Standards Commissioner again cautions ministers over use of DOI for partisan ends

Justice Minister Owen Bonnici’s statement on a case filed by Repubblika to block judicial appointments did not breach ethics but he should have avoided dig at lawyers Simon Busuttil and Jason Azzopardi, Standards Commissioner rules

Justice Minister Owen Bonnici
Justice Minister Owen Bonnici

A statement by Owen Bonnici last April on a case initiated by Repubblika to block judicial appointments was not in breach of ministerial ethics, the Standards Commissioner has ruled.

However, the Justice Minister’s dig at two lawyers representing the NGO was “unnecessary” and “came dangerously close to crossing the line” of partisan politics, the commissioner said.

The issue concerns a statement issued by Bonnici through the Department of Information, government’s official communication channel.

The case revolves around a constitutional case initiated by Repubblika to block several judicial appointments. Repubblika was represented in court by lawyers Jason Azzopardi and Simon Busuttil, both of who are Nationalist Party MPs.

Reacting to the development, the Justice Minister issued a statement in which he also took a dig at the two lawyers. Bonnici criticised the lawyers for taking up a case against a system they had voted for as MPs, three years earlier.

Lawyer Andrew Borg Cardona filed a complaint over Bonnici’s remarks with Standards Commissioner George Hyzler, asking whether the “political nature” of the comments were “fit and proper use” by the minister of the DOI, a public funded entity.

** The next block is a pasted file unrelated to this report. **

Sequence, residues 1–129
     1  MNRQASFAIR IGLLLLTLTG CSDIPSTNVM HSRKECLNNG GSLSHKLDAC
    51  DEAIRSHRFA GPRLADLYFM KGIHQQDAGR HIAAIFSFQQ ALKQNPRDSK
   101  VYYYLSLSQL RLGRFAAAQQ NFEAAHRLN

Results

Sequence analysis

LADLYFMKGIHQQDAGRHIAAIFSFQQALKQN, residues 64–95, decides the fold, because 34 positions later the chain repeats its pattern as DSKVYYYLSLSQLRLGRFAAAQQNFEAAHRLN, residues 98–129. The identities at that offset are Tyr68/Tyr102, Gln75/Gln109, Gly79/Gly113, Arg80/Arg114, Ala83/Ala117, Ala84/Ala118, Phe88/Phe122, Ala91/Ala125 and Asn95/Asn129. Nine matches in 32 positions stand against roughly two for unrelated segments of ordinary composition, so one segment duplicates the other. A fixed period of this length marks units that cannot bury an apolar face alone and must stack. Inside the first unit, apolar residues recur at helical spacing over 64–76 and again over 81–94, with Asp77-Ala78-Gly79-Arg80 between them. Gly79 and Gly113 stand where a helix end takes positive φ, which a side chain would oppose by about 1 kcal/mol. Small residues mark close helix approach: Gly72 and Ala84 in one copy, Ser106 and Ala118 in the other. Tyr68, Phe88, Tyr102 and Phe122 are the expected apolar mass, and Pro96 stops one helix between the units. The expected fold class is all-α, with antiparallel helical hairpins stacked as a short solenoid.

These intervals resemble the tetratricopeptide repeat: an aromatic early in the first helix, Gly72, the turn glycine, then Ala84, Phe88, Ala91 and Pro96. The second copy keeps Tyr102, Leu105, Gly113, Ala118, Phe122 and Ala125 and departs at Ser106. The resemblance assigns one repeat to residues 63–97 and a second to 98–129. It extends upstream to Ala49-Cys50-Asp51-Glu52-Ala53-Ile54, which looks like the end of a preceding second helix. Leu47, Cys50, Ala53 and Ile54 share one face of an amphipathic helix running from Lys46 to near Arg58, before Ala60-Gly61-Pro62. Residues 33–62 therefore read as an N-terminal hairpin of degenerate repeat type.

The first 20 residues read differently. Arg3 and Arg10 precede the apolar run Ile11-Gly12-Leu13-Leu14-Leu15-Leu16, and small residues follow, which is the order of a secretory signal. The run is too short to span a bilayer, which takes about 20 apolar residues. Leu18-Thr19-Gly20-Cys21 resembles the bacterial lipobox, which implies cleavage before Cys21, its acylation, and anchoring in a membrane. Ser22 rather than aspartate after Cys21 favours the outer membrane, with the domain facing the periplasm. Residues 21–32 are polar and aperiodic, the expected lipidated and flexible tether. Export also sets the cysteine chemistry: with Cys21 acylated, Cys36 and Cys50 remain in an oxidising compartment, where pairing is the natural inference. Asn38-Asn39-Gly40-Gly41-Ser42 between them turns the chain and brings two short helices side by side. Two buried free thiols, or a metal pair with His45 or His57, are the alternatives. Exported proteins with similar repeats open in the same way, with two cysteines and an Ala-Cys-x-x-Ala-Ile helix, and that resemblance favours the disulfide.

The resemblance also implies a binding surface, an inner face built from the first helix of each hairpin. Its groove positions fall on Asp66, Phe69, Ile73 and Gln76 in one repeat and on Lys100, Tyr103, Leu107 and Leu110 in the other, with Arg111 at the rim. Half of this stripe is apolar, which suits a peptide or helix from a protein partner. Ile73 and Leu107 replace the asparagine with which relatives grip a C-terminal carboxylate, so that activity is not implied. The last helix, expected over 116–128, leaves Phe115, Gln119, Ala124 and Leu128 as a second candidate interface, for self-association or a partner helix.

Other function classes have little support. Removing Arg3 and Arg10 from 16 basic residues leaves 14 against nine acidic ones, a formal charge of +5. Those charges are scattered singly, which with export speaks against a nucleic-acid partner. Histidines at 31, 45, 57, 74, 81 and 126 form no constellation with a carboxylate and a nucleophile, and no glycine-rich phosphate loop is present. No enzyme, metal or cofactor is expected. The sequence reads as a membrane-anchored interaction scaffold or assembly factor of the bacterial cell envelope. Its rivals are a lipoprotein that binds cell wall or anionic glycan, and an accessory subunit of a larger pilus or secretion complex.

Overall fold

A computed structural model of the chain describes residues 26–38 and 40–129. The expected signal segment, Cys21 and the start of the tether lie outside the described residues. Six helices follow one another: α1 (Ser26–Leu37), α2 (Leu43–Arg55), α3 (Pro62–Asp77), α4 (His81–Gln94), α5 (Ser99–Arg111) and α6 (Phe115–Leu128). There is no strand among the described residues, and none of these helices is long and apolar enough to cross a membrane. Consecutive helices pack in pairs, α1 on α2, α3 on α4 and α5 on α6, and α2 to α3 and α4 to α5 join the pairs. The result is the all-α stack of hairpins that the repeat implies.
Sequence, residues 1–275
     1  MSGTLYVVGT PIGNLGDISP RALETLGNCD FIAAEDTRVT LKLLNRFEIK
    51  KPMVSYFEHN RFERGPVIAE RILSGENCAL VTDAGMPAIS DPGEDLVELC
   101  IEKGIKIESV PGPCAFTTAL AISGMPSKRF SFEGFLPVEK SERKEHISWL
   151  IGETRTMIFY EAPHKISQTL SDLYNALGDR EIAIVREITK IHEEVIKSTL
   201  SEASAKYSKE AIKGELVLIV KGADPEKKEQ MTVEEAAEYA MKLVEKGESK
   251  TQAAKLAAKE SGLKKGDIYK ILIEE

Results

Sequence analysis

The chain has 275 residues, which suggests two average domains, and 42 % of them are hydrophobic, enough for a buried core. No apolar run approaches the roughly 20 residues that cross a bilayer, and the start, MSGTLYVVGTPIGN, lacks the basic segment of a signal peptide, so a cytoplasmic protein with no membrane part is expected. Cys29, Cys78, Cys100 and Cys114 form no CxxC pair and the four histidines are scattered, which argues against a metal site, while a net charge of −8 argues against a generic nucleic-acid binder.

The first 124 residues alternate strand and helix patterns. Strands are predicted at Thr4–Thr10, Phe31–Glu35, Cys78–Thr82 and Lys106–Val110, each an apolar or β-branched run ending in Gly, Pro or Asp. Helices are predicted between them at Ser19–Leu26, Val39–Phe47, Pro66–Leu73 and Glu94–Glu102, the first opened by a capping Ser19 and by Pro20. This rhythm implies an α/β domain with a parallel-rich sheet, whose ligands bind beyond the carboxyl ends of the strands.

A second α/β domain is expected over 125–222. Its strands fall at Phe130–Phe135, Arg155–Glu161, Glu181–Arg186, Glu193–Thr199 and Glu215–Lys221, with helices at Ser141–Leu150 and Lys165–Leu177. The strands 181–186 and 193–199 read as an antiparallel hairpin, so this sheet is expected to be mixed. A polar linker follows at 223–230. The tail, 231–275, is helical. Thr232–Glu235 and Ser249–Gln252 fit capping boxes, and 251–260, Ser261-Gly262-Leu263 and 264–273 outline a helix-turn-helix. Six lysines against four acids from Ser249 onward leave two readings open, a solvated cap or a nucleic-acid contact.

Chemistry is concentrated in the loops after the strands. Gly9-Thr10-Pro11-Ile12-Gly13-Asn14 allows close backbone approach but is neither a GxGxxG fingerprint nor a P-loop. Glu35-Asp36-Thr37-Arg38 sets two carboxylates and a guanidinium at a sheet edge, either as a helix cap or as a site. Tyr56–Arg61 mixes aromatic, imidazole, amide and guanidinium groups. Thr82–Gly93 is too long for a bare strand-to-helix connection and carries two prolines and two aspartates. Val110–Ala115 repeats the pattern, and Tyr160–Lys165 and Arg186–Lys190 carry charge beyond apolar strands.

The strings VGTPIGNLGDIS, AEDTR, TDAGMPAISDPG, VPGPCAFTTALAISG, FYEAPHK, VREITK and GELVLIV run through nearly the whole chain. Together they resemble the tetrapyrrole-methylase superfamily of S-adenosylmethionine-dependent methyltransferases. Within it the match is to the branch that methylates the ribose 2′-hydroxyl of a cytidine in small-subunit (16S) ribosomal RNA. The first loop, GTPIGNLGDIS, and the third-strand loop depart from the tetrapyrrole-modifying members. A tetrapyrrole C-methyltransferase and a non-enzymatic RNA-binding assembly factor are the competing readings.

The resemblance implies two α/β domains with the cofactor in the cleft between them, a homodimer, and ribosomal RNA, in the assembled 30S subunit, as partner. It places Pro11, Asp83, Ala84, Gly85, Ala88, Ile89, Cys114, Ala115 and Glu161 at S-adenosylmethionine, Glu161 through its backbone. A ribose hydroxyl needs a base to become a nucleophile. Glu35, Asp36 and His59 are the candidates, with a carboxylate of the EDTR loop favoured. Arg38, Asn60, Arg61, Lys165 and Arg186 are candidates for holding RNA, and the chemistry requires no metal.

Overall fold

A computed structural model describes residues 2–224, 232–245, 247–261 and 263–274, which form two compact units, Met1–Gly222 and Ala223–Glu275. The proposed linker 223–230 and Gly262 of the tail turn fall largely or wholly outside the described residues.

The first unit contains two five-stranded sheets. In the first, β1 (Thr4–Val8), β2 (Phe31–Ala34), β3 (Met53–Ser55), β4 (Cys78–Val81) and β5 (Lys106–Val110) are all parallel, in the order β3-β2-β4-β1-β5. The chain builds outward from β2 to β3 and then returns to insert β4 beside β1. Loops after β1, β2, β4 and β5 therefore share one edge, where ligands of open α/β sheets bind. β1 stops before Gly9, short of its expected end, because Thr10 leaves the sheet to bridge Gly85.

In his decision communicated to the media this morning, Hyzler ruled that the “tone” used by the Justice Minister in the press release was “not one that gives rise to any concern from an ethical point of view”.

Hyzler said the content of the statement concerned a decision of the constitutional court, and hence a matter of public interest and government policy rather than a partisan issue.

However, Hyzler said the minister “would have been more in order” had he refrained from including within the press release a reference that the lawyers concerned had themselves voted in favour of the 2016 constitutional amendments.

“This comment was beyond the purpose of the press release and could be construed as an attempt to score political points since it appears to have been designed to damage the credibility of the two lawyers concerned,” he said.

The Standards Commissioner said the lawyers “may justifiably feel aggrieved” by the comment and the minister’s failure to distinguish between their responsibility as lawyers and their parliamentary duties.

Hyzler insisted that court cases belonged to the litigants and not their lawyers but cautioned lawyers from seeking publicity for the cases they participate in because this will fuel the perception that lawyers identify themselves with the cause.

“Lawyers active in politics should be particularly sensitive to this peril,” he cautioned.

Hyzler also advised ministers to avoid using the DOI for statements intended to score party-political points.

This was the second such caution in as many months by the Standards Commissioner.

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